Brand has taken the very superficial joke-on-a-page from Sarah Marshall and developed it into an actual character—flaws and all.
There are two rather unexpected components of Get Him to the Greek which will surprise most moviegoers. First, writer/director Nicholas Stoller has crafted a rather entertaining film as a spinoff to 2008s Forgetting Sarah Marshall. While the latter is a much better film all around, mainly because of Jason Segel’s powerful screenplay and performance, Stoller has done a decent job of taking one of the most memorable characters from that movie, Aldous Snow (Russell Brand) and given a bit more depth to what otherwise would have been a one-note character.
The other surprising element to Greek is Aldous Snow himself, played by Brand to absolute perfection. Whereas in Sarah Marshall Aldous Snow was just an arrogant, clueless rock star in Greek he is a once-great artist whose public persona and addiction has lead to a horrific crash and burn. Brand has taken the very superficial joke-on-a-page from Sarah Marshall and developed it into an actual character—flaws and all.
The person charged with managing the destructive tornado of Aldous Snow is Aaron Green (Jonah Hill), a young music executive who suggests a 10-year anniversary show of Snow’s last great performance at the Greek Theatre in Los Angeles. Aaron is stoked for the opportunity but his boss, Sergio (Sean “Puff Daddy” Combs), warns him how volatile rock stars can be and that Snow is no exception.
Aaron has 36 hours to get Snow from London, stop off in New York, and land in L.A. in time for the show. Of course, nothing goes as planned and there are plenty of drunken escapades and drug-induced mayhem as Aaron struggles to corral an egotistical rock star who inherently doesn’t trust record executives and does everything to deviate from the schedule.
Hill, who usually steals every scene with his perfect comedic timing and ability to make anything funny, is mistakenly cast in the straight man role against Brand’s chaotic Aldous Snow. In most of his roles, namely Knocked Up and Superbad, Hill is the highlight of the movie and the actor you can’t wait to come back on screen. Here, he is merely the catalyst for Brand’s outlandish escapades and almost disappears in comparison.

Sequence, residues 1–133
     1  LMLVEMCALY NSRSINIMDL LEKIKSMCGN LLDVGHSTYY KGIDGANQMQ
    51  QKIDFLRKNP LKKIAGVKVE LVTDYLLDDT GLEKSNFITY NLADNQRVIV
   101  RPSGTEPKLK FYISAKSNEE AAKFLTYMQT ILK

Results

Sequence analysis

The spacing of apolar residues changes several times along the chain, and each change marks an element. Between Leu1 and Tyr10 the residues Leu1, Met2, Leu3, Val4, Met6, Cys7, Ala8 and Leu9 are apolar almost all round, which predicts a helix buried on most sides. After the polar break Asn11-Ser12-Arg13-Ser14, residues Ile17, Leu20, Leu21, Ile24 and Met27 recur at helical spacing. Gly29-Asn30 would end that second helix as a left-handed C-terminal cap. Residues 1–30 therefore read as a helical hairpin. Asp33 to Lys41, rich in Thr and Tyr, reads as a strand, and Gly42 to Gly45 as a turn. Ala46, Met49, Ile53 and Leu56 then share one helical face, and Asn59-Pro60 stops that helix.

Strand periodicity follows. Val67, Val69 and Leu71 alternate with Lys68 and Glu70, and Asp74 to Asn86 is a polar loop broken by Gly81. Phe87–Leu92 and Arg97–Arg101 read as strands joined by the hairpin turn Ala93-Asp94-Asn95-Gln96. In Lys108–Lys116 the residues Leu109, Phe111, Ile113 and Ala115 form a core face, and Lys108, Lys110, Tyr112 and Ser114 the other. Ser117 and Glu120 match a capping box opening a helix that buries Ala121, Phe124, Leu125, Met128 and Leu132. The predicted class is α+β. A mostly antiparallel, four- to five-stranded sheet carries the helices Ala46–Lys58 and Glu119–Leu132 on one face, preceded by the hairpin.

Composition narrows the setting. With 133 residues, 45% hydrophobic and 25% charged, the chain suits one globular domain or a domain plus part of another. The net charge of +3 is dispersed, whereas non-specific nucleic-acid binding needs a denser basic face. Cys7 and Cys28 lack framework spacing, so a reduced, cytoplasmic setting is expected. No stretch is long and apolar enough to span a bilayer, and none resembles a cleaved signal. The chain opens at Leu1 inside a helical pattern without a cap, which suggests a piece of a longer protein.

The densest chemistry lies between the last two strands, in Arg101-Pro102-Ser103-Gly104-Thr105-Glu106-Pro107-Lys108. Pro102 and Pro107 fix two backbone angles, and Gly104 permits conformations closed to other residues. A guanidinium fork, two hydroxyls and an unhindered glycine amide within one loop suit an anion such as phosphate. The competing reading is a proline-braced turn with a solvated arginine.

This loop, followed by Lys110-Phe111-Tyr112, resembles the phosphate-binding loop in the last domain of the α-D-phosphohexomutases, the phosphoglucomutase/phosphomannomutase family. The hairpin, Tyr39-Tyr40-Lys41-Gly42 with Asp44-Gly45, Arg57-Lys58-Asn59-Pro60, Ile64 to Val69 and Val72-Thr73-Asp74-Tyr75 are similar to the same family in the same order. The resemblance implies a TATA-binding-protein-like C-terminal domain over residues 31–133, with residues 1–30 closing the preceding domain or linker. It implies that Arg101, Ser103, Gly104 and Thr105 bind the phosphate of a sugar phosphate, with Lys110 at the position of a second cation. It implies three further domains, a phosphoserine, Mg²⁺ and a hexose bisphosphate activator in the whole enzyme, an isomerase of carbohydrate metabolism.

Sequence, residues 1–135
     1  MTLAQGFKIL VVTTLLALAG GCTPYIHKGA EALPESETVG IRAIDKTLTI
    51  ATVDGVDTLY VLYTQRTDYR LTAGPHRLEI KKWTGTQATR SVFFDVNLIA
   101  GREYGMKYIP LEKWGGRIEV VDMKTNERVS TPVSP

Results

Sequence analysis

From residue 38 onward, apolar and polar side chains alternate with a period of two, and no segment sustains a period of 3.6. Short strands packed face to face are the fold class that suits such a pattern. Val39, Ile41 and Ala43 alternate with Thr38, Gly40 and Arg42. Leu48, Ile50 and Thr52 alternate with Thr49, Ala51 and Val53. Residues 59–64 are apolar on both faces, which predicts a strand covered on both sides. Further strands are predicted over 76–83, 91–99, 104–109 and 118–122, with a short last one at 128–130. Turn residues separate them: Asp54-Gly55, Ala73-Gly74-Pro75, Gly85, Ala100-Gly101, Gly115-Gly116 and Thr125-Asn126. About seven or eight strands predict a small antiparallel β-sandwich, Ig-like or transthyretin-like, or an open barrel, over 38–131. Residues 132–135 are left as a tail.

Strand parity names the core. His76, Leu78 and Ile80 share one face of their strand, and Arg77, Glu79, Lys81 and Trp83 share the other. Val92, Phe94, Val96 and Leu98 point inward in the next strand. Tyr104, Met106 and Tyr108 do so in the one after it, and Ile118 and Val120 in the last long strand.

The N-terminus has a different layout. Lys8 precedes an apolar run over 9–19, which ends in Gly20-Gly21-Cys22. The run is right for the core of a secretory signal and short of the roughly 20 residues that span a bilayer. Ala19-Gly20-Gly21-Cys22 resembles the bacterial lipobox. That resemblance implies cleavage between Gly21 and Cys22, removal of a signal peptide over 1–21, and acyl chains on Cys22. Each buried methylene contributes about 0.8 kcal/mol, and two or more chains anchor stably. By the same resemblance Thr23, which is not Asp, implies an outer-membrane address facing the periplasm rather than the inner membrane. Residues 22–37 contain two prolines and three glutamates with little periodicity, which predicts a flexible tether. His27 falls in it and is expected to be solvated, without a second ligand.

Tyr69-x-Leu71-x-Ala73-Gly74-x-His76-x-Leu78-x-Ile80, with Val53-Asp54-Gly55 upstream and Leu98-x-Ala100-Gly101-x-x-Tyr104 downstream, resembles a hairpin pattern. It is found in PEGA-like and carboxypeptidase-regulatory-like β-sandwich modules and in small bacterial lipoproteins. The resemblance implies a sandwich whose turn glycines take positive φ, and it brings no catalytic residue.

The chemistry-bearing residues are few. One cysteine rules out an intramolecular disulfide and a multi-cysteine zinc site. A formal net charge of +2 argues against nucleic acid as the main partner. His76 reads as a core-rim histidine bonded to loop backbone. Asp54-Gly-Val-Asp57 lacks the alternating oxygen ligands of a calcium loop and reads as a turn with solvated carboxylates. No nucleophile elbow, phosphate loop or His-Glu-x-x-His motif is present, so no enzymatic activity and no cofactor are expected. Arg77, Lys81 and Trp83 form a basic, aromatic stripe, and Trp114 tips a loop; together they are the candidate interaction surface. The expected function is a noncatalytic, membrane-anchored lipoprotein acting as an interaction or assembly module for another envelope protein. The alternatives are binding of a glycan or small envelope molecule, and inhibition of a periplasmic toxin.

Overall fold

While you can’t say Brand invented this character because much of it is merely Brand being himself (slurred British accent, Captain Jack Sparrow-like swagger and mannerisms), in Greek he challenges himself to give Aldous Snow more of a human side and succeeds. We understand why Snow is the way he is and in one brutally honest scene we even sympathize with the man. Brand manages to make Snow feel like a real rock star whose biggest problem is himself.
Stoller, who wrote the screenplay for this film and directed Sarah Marshall, impressively orchestrates Aldous Snow’s very public career nosedive in an almost wholly contained prologue to the movie. Unfortunately, that is where his control of the film ends. Most of the remaining film feels as if Stoller was rushed to complete what could have been a wonderful meditative look at a different side of who this artist truly is. Stoller appears to have less confidence in his screenplay than he should, which results in a meandering middle bookended by a wonderful beginning and surprisingly poignant ending.
Get Him to the Greek has some good moments and is very funny. And though some parts will feel slow, Brand is consistently hilarious as to make even the dullest scene entertaining. | Matthew F. Newlin